Call for companies to carve out Time With Dad

Fatherhood Institute report reveals dads have done more in lockdown and reaped the benefit. Now they’re launching a Time With Dad campaign to consolidate those gains

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Working dads have become better fathers due to the lockdown experience. And they want more flexible working and working from home going forward. These are the top line findings from a huge new piece of research from the Fatherhood Institute.

BritainThinks surveyed 2000 dads for the work. The result is a report titled Lockdown Fathers; the untold story.

Researchers found that most dads spent more time with their children, built stronger relationships with them, and improved their parenting skills during the first Covid-19 lockdown. They grew in confidence as parents, gained greater insights into their partners’ caring roles, and did more housework.

Main findings

The results of the research are broken down into a number of main findings.

More time together

  • Four out of five (78%) fathers in two-parent households (‘partnered fathers’) spent more time with their children. 
  • 68% spent more time on home schooling/ helping with homework. 
  • And 59% spent more time on cleaning, laundry and cooking.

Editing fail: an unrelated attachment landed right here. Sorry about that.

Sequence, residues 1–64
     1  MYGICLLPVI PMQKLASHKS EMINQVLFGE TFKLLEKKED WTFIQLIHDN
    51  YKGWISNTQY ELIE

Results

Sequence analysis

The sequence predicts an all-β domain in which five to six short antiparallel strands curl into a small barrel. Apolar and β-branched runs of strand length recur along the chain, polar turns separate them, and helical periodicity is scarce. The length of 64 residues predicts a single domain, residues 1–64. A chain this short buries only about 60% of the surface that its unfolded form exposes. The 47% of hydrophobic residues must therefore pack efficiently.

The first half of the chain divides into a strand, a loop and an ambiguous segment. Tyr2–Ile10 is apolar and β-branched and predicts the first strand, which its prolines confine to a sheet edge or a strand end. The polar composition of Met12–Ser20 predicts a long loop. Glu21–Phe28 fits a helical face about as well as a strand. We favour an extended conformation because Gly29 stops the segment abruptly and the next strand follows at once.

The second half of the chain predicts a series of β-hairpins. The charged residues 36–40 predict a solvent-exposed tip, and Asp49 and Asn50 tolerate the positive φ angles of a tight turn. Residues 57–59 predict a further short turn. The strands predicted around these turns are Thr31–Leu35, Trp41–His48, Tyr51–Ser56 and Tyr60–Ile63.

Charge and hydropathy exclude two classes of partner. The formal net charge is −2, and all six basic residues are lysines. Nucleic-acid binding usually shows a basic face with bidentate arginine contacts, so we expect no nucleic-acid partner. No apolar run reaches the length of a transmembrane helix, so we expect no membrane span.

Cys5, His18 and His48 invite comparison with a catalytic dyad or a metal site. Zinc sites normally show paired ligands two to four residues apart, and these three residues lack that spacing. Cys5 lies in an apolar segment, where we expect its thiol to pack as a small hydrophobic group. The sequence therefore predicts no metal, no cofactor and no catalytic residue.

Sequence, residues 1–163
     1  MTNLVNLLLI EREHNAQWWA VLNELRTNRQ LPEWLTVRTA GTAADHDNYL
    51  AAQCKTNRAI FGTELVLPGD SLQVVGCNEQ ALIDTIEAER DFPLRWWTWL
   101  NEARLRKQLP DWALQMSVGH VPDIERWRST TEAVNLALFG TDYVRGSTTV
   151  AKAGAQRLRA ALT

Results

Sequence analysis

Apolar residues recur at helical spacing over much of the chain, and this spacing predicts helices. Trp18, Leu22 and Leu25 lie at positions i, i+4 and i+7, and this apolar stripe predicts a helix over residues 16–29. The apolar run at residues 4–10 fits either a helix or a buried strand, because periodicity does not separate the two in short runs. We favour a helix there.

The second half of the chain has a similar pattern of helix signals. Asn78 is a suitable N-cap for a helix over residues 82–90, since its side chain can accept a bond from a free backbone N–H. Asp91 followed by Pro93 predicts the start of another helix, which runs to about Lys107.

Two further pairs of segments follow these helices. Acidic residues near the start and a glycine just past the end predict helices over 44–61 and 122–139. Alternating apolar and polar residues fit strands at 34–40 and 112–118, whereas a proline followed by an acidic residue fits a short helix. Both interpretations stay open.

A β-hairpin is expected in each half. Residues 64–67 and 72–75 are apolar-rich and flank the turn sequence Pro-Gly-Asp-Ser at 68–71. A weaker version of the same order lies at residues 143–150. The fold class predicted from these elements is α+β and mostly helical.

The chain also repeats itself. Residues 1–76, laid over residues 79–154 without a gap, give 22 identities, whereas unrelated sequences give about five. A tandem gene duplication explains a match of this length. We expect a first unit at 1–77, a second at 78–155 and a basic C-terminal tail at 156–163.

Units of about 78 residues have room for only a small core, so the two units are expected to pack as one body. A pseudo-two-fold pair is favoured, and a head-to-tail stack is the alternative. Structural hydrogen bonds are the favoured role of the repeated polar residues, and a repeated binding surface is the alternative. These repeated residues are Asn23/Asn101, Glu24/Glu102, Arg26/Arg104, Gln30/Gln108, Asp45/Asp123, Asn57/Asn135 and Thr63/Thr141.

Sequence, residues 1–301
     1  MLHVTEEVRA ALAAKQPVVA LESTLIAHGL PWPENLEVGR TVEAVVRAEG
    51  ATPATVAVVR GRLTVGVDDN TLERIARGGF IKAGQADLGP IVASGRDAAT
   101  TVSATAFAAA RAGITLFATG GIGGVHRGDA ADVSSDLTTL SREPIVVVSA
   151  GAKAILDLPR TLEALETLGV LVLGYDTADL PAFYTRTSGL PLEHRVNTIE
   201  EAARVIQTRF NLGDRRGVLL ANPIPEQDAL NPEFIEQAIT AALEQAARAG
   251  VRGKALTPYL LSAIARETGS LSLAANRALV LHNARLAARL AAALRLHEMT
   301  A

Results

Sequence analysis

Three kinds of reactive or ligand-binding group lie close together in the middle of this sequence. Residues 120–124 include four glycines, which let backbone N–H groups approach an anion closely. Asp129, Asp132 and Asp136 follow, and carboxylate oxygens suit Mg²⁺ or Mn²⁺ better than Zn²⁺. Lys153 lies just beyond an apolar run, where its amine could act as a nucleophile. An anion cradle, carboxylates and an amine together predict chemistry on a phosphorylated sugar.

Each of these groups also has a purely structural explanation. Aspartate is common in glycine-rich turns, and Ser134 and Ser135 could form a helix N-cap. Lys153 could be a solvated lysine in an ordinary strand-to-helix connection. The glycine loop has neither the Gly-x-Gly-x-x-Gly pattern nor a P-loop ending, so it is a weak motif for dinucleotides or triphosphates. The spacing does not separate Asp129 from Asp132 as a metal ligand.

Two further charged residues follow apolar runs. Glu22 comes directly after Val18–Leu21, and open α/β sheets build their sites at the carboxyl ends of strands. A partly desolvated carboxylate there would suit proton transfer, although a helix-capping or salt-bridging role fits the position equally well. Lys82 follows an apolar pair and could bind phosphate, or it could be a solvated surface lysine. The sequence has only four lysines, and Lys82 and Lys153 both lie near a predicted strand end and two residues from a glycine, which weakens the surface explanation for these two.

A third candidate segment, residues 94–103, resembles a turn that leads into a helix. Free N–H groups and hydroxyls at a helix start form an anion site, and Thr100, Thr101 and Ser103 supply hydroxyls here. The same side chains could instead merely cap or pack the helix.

The figures were even higher among those partnered fathers who were at home full-time during lockdown. These findings are consistent with several time-use studies, including one from the Institute for Fiscal Studies which found that, during the Spring 2020 lockdown, fathers almost doubled the number of hours in which they did some childcare from just over four to eight hours per day. Mothers’ equivalent input increased from almost seven to 10.3 hours.

Better parenting: More than two-thirds (65%) of partnered fathers reported a better father-child relationship following lockdown (rising to 73% among those who were full-time at home). Almost half (48%) left lockdown feeling more competent as a parent. And 42% were better able to keep calm and manage their tempers with their children. A small but significant minority (14%) felt less able to manage their tempers with their children.

 Closer relationships: More than three-fifths (61%) of partnered fathers reported understanding their children better and feeling closer to them (64%) after lockdown. Almost all the rest (likely including some who had felt very close beforehand) reported no change. Only 2-3% reported closeness and understanding deteriorating.

 Educational support: More than half the partnered fathers (57%) said that, following lockdown, they feel better equipped to support their children’s learning and education. The same was even said by 50% of the most disadvantaged – who were more likely to be working outside home during lockdown. Those fathers who had spent more time with their children during the lockdown were more likely to report improvements in their own mental wellbeing.